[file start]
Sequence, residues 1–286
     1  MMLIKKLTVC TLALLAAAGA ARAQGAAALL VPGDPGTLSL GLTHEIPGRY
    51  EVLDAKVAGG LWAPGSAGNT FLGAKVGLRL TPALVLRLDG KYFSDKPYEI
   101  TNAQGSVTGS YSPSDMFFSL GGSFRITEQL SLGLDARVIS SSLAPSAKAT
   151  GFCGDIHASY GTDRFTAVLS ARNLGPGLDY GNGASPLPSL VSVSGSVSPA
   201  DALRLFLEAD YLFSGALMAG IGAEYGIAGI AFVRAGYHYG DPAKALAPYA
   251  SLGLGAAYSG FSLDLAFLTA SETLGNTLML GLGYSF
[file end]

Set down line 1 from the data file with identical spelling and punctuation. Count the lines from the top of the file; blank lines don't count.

Sequence, residues 1–286